Sunday, March 24, 2013

Passover Cookies that Don't Taste Like Passover

Every Passover, Jews around the world are faced with the challenge of making dessert that doesn't taste like matzo. Most of us resort to the usual:  macaroons, sponge cake, and chocolate covered matzo.

Last year, however, my mom hit upon a new recipe for chocolate chip cookies that would be good enough to eat any time of year. The cookies have a soft, cakey texture, warm and sweet with brown sugar, and then punctuated with a nice hit of chocolate. I think the key to the recipe is the use of potato starch, which has a softening effect on baked goods, but that's just my theory.

In any case, here's the recipe. You'll find them really easy to make and hard to resist.

Kosher for Passover Chocolate Chip Cookies
Yield:  4 dozen

1 cup butter/margarine
¾ cup sugar
¾ brown sugar
1 tsp vanilla
2 eggs
1 ¾ cup cake meal
1 tsp baking soda
½ cup potato starch
1 tsp salt
2 cups chocolate chips

1. Preheat oven to 375.  Cream butter, sugars, and vanilla, then add eggs to incorporate.  Whisk together dry ingredients and slowly stir into the mixture.  Finally, fold in chocolate chips.

2. Spoon heaping teaspoons of batter onto parchment-lined or greased baking sheets.  Bake for 8 to 10 minutes until very light golden brown at the edges.  Remove onto racks and cool on baking sheets.

Friday, March 1, 2013

Chocolate Hamantaschen--Who Knew?

I've been making hamantaschen, three-cornered cookies filled with jam and served during the Jewish holiday of Purim, for years now. The dough is simple to make, and fun to stuff with your favorite fillings.

Traditionally, the cookies are filled with poppy seeds or apricot jam, though a few heretics have added cherry filling as well. My mom preferred cinnamon-flecked apples or chocolate chips. As for me, my innovation was to mix mini-chocolate chips throughout the dough, so that you get a bit of chocolate in every bite.  (You can find the recipe here.)

This year, however, I thought, why not go for broke and make the dough chocolate as well? I found the following recipe created by Victoria Sutton for My Jewish Learning, which super-gilded the lily by creating a chocolate ganache filling to go inside. Since I had some filling left over, I made a batch of my regular hamantaschen and used the ganache with that as well. I also experimented with various fillings I had on hand, jams, a lemon curd (great!), and a banana curd (I won't go there again).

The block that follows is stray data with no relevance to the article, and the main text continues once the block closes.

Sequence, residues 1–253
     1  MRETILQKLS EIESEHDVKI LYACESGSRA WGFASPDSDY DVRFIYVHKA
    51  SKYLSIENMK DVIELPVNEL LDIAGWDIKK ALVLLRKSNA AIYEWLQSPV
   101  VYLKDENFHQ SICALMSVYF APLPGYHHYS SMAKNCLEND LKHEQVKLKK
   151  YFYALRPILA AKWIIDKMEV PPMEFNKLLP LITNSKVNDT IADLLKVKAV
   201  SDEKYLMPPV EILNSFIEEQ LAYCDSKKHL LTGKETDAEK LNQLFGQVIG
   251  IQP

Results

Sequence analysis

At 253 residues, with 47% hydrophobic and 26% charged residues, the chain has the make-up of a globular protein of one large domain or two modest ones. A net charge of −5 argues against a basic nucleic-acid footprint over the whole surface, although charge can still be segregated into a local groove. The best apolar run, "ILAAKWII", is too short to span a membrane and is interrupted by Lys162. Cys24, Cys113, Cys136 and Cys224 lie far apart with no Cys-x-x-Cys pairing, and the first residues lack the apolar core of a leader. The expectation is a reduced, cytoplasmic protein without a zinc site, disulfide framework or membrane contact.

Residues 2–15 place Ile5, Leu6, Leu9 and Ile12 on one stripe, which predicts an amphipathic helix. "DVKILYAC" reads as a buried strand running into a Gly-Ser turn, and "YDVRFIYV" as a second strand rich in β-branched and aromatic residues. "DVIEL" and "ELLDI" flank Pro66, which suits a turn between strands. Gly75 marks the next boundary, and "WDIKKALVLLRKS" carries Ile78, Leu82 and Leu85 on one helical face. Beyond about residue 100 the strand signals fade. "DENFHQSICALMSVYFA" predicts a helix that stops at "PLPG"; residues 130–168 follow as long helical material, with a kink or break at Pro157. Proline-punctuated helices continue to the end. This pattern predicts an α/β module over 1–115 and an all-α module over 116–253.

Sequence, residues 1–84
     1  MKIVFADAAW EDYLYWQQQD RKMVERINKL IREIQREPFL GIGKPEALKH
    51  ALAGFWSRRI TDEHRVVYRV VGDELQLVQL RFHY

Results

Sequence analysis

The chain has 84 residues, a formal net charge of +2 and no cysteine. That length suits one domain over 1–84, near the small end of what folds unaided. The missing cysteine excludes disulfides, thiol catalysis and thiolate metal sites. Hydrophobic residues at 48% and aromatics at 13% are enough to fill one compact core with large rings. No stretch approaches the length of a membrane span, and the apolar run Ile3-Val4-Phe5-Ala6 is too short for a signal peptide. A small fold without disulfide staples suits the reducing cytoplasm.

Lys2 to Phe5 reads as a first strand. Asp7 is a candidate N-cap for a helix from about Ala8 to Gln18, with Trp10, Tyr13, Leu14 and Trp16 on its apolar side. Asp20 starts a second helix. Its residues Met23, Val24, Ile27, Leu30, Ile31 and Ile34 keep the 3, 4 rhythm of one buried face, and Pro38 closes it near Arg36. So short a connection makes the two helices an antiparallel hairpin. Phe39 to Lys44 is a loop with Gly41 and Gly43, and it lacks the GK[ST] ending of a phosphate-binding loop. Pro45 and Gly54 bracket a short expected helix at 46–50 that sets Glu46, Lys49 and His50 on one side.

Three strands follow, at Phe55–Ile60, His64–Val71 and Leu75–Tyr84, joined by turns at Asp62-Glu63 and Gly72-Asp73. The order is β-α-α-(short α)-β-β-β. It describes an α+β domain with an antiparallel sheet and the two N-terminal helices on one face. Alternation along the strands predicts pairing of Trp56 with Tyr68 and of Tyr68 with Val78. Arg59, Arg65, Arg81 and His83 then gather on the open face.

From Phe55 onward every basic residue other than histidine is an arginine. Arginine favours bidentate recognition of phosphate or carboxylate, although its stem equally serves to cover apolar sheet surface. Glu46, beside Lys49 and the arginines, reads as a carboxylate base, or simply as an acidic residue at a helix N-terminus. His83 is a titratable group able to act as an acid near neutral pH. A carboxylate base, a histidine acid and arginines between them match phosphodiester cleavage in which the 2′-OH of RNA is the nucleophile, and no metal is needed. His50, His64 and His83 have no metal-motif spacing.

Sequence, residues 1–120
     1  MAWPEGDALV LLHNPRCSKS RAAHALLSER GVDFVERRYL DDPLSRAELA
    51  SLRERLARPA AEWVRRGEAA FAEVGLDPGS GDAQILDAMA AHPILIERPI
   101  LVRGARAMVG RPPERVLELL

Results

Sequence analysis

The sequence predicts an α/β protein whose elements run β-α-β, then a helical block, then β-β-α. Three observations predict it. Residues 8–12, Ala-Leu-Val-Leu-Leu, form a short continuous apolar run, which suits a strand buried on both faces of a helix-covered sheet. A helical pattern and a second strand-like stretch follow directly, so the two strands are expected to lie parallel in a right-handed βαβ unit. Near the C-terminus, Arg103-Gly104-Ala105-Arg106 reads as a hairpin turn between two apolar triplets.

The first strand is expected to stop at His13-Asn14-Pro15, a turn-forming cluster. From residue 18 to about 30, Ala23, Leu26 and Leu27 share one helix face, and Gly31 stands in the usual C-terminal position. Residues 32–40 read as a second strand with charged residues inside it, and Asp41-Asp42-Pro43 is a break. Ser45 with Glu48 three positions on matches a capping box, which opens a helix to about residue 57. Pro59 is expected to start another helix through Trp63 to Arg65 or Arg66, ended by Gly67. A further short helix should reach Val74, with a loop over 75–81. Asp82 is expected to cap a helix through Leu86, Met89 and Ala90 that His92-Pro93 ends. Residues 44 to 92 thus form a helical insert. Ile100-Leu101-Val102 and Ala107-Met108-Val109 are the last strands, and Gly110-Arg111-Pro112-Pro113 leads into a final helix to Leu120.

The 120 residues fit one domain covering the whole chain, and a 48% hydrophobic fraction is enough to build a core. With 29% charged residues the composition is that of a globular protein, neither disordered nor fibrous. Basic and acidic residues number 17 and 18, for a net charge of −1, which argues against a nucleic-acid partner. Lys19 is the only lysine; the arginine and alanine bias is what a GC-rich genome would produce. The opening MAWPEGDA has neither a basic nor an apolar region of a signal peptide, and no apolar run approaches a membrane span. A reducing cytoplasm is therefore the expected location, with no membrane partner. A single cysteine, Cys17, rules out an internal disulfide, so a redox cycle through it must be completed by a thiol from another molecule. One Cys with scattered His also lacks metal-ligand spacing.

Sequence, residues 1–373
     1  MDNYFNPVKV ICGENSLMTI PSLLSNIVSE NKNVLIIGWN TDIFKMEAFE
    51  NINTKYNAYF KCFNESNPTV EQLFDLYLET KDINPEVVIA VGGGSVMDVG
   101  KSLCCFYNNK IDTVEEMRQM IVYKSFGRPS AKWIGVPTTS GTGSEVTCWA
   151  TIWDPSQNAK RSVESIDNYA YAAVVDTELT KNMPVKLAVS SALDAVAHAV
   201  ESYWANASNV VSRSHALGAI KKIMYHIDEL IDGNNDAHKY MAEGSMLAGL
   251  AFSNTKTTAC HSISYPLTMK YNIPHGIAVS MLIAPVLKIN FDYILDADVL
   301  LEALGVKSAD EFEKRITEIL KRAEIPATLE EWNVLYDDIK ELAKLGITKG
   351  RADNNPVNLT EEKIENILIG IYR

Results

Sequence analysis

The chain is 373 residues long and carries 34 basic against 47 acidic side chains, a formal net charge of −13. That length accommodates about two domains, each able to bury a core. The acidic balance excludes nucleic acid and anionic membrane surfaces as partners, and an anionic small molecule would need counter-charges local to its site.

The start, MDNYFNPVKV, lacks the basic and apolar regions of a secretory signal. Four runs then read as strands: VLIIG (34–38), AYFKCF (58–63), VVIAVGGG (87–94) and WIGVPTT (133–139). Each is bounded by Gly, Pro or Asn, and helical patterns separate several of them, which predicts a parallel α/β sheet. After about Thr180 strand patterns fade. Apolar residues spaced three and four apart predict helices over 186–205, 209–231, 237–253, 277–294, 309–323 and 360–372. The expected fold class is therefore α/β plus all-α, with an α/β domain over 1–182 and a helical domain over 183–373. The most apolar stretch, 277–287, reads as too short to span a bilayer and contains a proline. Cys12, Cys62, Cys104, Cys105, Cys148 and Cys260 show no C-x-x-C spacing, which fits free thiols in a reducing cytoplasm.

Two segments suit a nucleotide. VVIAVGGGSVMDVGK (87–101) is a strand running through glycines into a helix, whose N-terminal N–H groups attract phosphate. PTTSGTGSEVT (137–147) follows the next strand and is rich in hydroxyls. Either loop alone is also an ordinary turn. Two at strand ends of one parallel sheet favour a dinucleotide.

Just be careful not to overbake these hamantaschen or let them linger too long on hot baking sheets while they're cooling. Also, don't overstuff the hamantaschen or the shapes will warp in the oven.

Too bad I have to wait another year for the next Purim!

Chocolate Hamantaschen
adapted from Victoria Sutton


Chocolate Dough:

3/4 cup granulated sugar
4 oz butter, softened
1 teaspoon almond extract (optional, but you're crazy not to use it)
1 egg
1 1/3 cups all-purpose flour
1/3 cup cocoa
1/2 teaspoon kosher salt
1 teaspoon baking powder
3 Tablespoons heavy cream 

1 egg for egg wash

Chocolate Ganache Filling:

8 1/2 oz dark chocolate, chopped
8 oz heavy cream
dash of salt
liqueur to taste (the original recipe called for rum, but I used
Grand Marnier, about 1 tsp)

(optional) dried cranberries or cherries


For dough:
1.  Cream butter, sugar, salt, and almond extract until light and fluffy. Add egg and mix until incorporated. Combine flour, cocoa powder, and baking powder. Add to butter mixture in two stages, alternating with the heavy cream. Turn dough out onto plastic wrap, and form a flattened disc. Chill for at least one hour.

For Ganache
1.  In a small saucepan, bring cream to a simmer, then pour over chopped chocolate and let sit for two minutes. Lightly whisk until ganache is smooth and shiny. Whisk in rum and salt. Chill for several hours.

To form hamantaschen: 
1.  Preheat oven to 350.  Line two cookie sheets with parchment paper.

2.  Roll chilled chocolate dough to slightly more than 1/8 inch thick. Using a round cutter or glass rim dipped in flour, cut circles of about 3 inches in diameter. If adding dried fruit or nuts, sprinkle a small amount in the center of the cut discs.

3.  Beat one egg with a tablespoon of water to make an egg wash.  Remove ganache from fridge, and using either a small ice-cream scoop or by hand, form about 1 inch round balls and place in center of sucree circles. LIGHTLY brush edges of circle with egg wash.  Then carefully fold in the edges to form a triangular shape, and pinch the corners to seal. Ensure there are no gaps or tears in the dough, to prevent filling from oozing out during baking. (My advice is to let as little of the filling show as possible to preserve the triangular shape.)

4.  Bake hamantaschen for about 15 minutes, until crust is baked through. Ganache will liquify during baking, but will set as hamantaschen cool. Let hamantaschen cool on sheets for a few minutes, then remove cookies onto metal racks and let them continue to cool.